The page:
H Tsujinaga

Sapporo City General Hospital, Sapporo, Hokkaidō, Japan

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Publications (5)1.96 Total impact

  • [show abstract] [hide abstract]
    ABSTRACT: Unusually broad areas of cerebral infarction were demonstrated by CT scan in three head injured infants with acute intracranial hematoma. They revealed very characteristic CT findings including contralateral hemispheric ischemic zone. Case 1 is a 5-month-old boy who had hit his head 4 days before. On admission he was semicomatose and his respiration had suffered from generalized seizures with arterial PO2 value of 43 mmHg. CT scan revealed right subdural hematoma, and bihemispheric ischemic low density was also demonstrable. Hematoma clot weighing 10 grams was removed through emergency craniotomy, followed by external decompression. There was a marked atrophic change in the right cerebral hemisphere and contralateral frontal base during the following few months, but the basal ganglionic region, brainstem and cerebellum were hardly affected. The patient developed comparatively well mentally for the next one and a half years. Case 2 was a 2-year-old boy who had a previous history of moderate head trauma 8 hours before admission. After a lucid interval, sudden epileptic attacks hospitalized him in a condition of cardiopulmonary arrest. CT scan revealed severe epidural hematoma on the patient's right cerebrum. Emergency craniotomy was performed and hematoma 95 g in weight was removed followed by decompression. Postoperative CT showed broad ipsilateral ischemic edema including the contralateral cerebral hemisphere and brainstem. One and a half years later, the patient shows decorticated posture with ataxic respiration and negative light reflexes. Case 3 was an 8-month-old boy who had fallen down and hit his head on the floor. Status epilepticus had attacked him, causing him to be admitted in a dyspneic state.(ABSTRACT TRUNCATED AT 250 WORDS)
    No shinkei geka. Neurological surgery 01/1989; 16(13):1511-5. · 0.13 Impact Factor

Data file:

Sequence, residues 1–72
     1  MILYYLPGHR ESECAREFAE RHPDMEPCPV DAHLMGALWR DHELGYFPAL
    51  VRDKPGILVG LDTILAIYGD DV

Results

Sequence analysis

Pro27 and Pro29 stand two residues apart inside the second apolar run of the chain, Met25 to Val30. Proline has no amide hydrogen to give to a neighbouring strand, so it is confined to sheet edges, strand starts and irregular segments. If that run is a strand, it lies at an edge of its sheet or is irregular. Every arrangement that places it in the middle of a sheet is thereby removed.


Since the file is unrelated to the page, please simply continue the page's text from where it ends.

• S Gando, I Tedo, H Tsujinaga, M Kubota
    Masui. The Japanese journal of anesthesiology 06/1988; 37(5):541-5.
  • Masui. The Japanese journal of anesthesiology 05/1988; 37(4):451-6.
  • [show abstract] [hide abstract]
    ABSTRACT: A 46 year old female was admitted to our emergency room because of cardiopulmonary arrest by hanging. After ten minutes cardiopulmonary resuscitation, she was resuscitated but her consciousness did'nt recover. CT-scans on the day of admission showed no abnormalities but on the second hospital day it showed symmetrical low density areas within the basal ganglia, the thalamus, the hippocampus, and the occipital lobe. There were marked enhanced effect in cerebral sulci due to cytotoxic edema of hypoxic encephalopathy. She was comatose for a week, her pupils were dilated, light reflex and other brain stem reflex were absent. CT-scans on the sixth hospital day showed marked brain swelling with disappearance of the ventricular systems (so called brain tamponade). Brain death was confirmed on the basis of Japanese Criteria on the seventh and tenth day of admission. She had been suffering from pneumonia and urinary tract infection with an elevation of temperature since the fourth hospital day. We detected Enterobacter Cloacae (E. Cloacae), Klebsiella Oxytoca from the cultures of sputum and urine. On the tenth hospital day her temperature was running up to 39.4 degrees C and blood count revealed a peripheral blood leucocytosis of 40,300/mm3 with a shift to the left. E. Cloacae was also detected from the cultures of blood. Skull roentgenogram showed multiple gas collections in the ventricular systems. CT-scans on the fourteenth hospital day showed multiple gas-containing brain abscess. The etiology of this infection was considered due to septicemia of E. Cloacae. She died from acute renal failure on the fifteenth hospital day. Consent for autopsy was not accepted.(ABSTRACT TRUNCATED AT 250 WORDS)
    Nō to shinkei = Brain and nerve 04/1988; 40(3):247-52.
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    ABSTRACT: Arterial blood gas analysis of 69 patients with acute myocardial infarction were evaluated to provide a basis for respiratory care. Patients were divided into two groups: group A which received oxygen therapy only (n = 38) and group B which received oxygen therapy with mechanical ventilation (n = 31). The patients in group B were further divided into surviving cases (n = 14) and fatal cases (n = 17). On admission patients assigned to group B had lower PaO2 values than those placed in group A. In group B, there was no difference in the P/F value before mechanical ventilation of the surviving and the fatal cases, but the survivors demonstrated an improvement of the P/F value and an increase in cardiac index after mechanical ventilation. It may be reasonable to assume that a P/F value of less than 250 serves as an indicator for the initiation of mechanical ventilation. An increase in the P/F value after mechanical ventilation seems to be a valuable index to estimate prognosis in respiratory failure.
    Advances in experimental medicine and biology 02/1988; 222:547-53. · 1.83 Impact Factor